Borrowers seeking mortgage financing to purchase a home could find themselves saving $100 a month or more by shopping around, and locating cheaper lenders with which to do business. This is according to a new blog post published this week by the Consumer Financial Protection Bureau (CFPB).
By analyzing Home Mortgage Disclosure Act (HMDA) data from 2021, the CFPB determined that mortgage rates paid by consumers vary across a wide variety of lenders, including for mortgages backed by Fannie Mae and Freddie Mac, the Federal Housing Administration (FHA), the U.S. Department of Veterans Affairs (VA), and jumbo loans through “price dispersion.”
“We found that price dispersion for mortgages is often around 50 basis points of the annual percentage rate,” the CFPB notes in its blog. “To put this number in context, the median loan amount in 2021 was close to $300,000 and the median interest rate was 3%. The monthly payment for such a 30-year fixed loan is $1,265. The monthly payment for a 3.5% interest rate loan on a loan of the same amount is $1,347 – a difference of $82 a month (a 6.5% higher payment).”
Interest rates since the 2021 HMDA data was gathered have obviously increased significantly, but the CFPB found that much of the price difference between lenders — and consequently, the underlying math — remains the same.
“In a higher interest-rate environment, with monthly payments being much higher overall, this $100 a month difference might matter even more as borrowers potentially are more stretched to make ends meet,” the Bureau said.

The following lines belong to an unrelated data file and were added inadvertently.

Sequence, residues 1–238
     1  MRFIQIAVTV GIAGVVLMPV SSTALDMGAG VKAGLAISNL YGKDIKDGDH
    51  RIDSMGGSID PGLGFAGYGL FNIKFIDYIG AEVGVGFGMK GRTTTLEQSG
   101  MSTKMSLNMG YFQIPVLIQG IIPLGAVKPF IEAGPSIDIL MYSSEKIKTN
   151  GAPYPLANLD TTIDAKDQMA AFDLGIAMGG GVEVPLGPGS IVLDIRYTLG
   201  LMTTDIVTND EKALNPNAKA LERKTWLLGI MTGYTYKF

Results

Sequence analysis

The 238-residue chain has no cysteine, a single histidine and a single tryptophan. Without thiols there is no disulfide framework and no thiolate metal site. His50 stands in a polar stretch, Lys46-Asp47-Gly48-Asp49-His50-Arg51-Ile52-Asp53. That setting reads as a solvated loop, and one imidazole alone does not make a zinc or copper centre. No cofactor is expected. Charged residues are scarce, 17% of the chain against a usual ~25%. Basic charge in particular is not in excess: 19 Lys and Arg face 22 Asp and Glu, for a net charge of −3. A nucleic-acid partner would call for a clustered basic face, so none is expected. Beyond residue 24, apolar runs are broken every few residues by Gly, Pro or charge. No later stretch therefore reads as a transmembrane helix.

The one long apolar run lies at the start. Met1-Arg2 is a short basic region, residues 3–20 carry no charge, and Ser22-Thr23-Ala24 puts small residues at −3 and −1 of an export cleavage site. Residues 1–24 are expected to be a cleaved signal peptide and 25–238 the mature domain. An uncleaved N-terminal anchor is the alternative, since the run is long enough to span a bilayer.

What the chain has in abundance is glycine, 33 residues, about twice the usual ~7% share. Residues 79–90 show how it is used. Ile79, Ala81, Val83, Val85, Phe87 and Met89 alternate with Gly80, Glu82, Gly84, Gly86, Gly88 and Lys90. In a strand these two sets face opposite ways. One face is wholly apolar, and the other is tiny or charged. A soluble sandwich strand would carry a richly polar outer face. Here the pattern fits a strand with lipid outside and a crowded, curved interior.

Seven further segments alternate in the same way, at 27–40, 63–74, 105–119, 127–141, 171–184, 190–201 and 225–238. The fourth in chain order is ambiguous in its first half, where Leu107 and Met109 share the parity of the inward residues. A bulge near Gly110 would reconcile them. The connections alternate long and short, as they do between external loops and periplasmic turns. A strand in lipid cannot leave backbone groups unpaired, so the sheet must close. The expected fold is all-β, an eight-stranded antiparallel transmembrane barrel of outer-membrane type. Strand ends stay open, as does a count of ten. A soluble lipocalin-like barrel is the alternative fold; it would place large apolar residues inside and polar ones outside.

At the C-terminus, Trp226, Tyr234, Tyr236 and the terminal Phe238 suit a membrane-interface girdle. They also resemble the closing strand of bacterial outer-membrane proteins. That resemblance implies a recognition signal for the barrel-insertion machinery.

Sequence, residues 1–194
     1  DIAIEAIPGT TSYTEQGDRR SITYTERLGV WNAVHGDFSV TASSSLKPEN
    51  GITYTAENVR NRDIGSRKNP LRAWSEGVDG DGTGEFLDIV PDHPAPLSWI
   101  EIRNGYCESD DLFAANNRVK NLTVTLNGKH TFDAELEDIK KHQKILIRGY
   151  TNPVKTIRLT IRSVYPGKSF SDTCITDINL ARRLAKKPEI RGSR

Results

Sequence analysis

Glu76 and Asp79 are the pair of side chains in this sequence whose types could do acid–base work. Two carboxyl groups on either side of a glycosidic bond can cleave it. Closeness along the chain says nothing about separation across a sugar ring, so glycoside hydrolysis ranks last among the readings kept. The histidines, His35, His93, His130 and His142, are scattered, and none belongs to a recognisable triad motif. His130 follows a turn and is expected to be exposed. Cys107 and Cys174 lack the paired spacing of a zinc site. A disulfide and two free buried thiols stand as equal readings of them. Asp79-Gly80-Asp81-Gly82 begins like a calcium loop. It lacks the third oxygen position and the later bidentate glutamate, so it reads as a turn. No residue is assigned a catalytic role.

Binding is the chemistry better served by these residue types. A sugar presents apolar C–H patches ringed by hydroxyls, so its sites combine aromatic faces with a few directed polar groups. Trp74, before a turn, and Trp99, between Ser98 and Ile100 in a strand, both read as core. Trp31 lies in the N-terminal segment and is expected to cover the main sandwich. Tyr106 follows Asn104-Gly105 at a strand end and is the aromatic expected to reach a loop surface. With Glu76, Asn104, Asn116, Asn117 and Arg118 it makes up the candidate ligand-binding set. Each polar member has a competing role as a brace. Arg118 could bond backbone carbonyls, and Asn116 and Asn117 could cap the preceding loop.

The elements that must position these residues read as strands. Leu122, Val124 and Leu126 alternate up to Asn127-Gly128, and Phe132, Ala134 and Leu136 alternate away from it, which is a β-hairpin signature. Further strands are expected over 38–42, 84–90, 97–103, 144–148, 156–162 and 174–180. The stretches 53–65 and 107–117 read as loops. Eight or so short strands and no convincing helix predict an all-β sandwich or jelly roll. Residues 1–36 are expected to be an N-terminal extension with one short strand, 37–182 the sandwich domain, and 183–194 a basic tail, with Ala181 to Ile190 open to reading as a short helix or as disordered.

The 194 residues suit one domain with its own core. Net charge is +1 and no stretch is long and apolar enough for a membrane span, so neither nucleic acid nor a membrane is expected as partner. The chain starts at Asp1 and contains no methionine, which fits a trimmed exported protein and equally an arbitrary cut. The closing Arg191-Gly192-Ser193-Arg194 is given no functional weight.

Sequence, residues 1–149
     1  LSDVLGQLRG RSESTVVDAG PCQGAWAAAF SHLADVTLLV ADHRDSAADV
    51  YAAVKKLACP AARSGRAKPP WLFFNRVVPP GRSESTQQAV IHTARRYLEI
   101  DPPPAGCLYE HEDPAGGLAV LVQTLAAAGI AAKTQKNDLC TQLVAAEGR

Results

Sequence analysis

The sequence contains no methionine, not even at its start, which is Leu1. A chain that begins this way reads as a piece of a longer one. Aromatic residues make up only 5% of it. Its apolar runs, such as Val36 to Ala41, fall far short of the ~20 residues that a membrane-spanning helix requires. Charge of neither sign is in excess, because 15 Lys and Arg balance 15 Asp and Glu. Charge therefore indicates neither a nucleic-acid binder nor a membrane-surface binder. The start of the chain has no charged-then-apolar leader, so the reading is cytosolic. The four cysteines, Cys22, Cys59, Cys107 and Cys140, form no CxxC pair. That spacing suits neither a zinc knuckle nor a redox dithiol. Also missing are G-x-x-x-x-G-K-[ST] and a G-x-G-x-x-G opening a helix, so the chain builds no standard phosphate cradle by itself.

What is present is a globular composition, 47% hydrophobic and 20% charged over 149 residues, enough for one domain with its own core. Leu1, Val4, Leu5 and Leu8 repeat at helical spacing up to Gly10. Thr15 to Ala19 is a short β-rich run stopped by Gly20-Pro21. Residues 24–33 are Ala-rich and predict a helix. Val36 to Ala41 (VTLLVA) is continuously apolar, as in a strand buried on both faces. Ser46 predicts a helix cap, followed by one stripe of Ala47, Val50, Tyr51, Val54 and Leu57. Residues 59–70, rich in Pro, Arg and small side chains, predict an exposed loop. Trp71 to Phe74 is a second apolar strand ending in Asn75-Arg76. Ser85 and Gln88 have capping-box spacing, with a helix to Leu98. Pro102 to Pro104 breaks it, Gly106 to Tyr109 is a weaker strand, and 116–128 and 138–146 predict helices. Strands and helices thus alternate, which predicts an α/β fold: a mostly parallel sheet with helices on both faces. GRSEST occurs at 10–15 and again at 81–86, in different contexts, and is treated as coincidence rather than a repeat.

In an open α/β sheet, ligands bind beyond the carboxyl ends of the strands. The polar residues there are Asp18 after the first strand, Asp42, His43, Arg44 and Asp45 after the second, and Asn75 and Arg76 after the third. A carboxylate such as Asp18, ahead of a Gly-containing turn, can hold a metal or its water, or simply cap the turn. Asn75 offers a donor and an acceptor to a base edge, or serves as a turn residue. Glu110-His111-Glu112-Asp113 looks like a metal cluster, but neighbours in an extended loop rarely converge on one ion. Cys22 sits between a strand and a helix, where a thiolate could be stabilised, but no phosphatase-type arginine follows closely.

The analysis of HMDA data only took data from the 20-largest volume lenders for each of the reported market segments. While other studies have documented the price dispersion phenomenon, this is the first instance that has used new HMDA data with multiple variables necessary for this kind of analysis, according to the CFPB.
“Our results are largely consistent with previous studies, despite previous studies often using either rate sheet data and/or selected data on originations from private providers without coverage comparable to [HMDA],” CFPB said. “It is particularly notable that earlier studies considered pre-pandemic data, which does not have the same historic volume of refinance loans.”
There are a number of attributable causes of price dispersion. These include differences between lenders (some include servicing, others market their closing speed); competition in the mortgage market not always being channeled into lower prices; some lenders may engage in demand rationing through pricing changes; and lenders with “less restrictive overlays” may charge higher prices to compensate for additional risk.
Earlier this year, the CFPB issued guidance in an effort to protect mortgage borrowers from pay-to-play digital comparison shopping platforms. Agency Director Rohit Chopra reiterated the importance of shopping around for a mortgage at the time.
“Given the rise in mortgage interest rates, it is even more important for homebuyers to shop and compare loan offers,” Chopra said in February. “We are working to ensure that online platforms are not manipulating their search results in order to coerce kickbacks from lenders.”